FIG. 7 is a rear view of the doctor blade box of the ink chamber doctor blade in the direction of arrow VII in FIG. 2,
FIG. 8 is a rear of the modified embodiment of the ink chamber doctor blade in the direction of arrow VIII in FIG. 4 and
FIG. 9 is a horizontal section through a yet further modified embodiment of an ink chamber doctor blade.
The ink chamber doctor blade 1 shown in FIG. 1 for doctor blade printing mechanisms with engraved roller/gravure roller on flexographic presses/gravure presses consists of a doctor blade box 3 with an ink chamber 4 and a positive doctor blade 5 and a negative doctor blade 6, the doctor blade or knife sides of which lie against the circumference of an inking, screened circular cylindrical body 2 turning in the direction of arrow 7. The ink chamber 4 has an inlet 8 at centre bottom and two upper outlets 9 for the forced circulation of the liquid ink by an ink pump, not shown.
As is evident from FIGS. 2 to 9 in detail, the ink chamber doctor blades 1 shown there in cross section in ink chamber 4 display a moulding 11 fitted with a pressure nozzle 10 between positive doctor blade 5 and negative blade 6 which extends over the whole length of the circular cylindrical body 2 and forms an increasingly narrowing wedge-shaped flow gap 12 in the direction of rotation 7 of the body 2, whereby the pressure nozzle 10 is arranged at such a small distance from the surface of the body 2 that liquid pressure builds up in the flow gap 12 and as the cylindrical body 2 revolves the ink passing the pressure nozzle 10 can reach the upper part of ink chamber 4, which serves as an after-rinsing chamber, located behind the moulding 11.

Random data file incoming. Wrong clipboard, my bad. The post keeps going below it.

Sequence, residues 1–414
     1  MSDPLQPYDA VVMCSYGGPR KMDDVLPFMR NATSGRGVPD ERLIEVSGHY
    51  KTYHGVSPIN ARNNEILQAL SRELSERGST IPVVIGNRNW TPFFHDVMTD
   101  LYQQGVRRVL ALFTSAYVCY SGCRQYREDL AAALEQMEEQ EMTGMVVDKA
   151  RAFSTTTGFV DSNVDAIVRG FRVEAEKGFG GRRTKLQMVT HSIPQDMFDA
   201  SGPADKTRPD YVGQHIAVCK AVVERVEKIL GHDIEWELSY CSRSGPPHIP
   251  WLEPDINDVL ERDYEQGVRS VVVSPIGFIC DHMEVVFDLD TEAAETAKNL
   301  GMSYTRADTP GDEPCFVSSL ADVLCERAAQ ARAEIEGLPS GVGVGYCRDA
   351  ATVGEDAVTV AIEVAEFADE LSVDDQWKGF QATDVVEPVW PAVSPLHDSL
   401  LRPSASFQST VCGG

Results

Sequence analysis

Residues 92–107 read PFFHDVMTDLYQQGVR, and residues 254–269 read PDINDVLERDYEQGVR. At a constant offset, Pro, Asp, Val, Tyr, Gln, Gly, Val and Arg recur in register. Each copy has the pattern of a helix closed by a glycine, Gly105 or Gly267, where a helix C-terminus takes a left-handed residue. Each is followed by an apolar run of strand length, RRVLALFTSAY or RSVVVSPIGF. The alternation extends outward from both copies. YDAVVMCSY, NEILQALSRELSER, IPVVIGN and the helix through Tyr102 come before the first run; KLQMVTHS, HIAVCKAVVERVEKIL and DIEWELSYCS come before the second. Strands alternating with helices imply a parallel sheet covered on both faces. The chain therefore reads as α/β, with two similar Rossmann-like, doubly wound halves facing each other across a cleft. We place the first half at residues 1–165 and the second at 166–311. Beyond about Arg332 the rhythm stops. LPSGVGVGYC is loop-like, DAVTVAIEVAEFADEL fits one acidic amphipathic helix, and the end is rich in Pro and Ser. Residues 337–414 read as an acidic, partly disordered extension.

The moulding 11 is formed with a sharp-edged rebound 14 in the direction of rotation 7 behind the pressure nozzle 10 for a sudden expansion of the cross-section to produce a sudden pressure drop in the liquid emerging from the flow gap 12.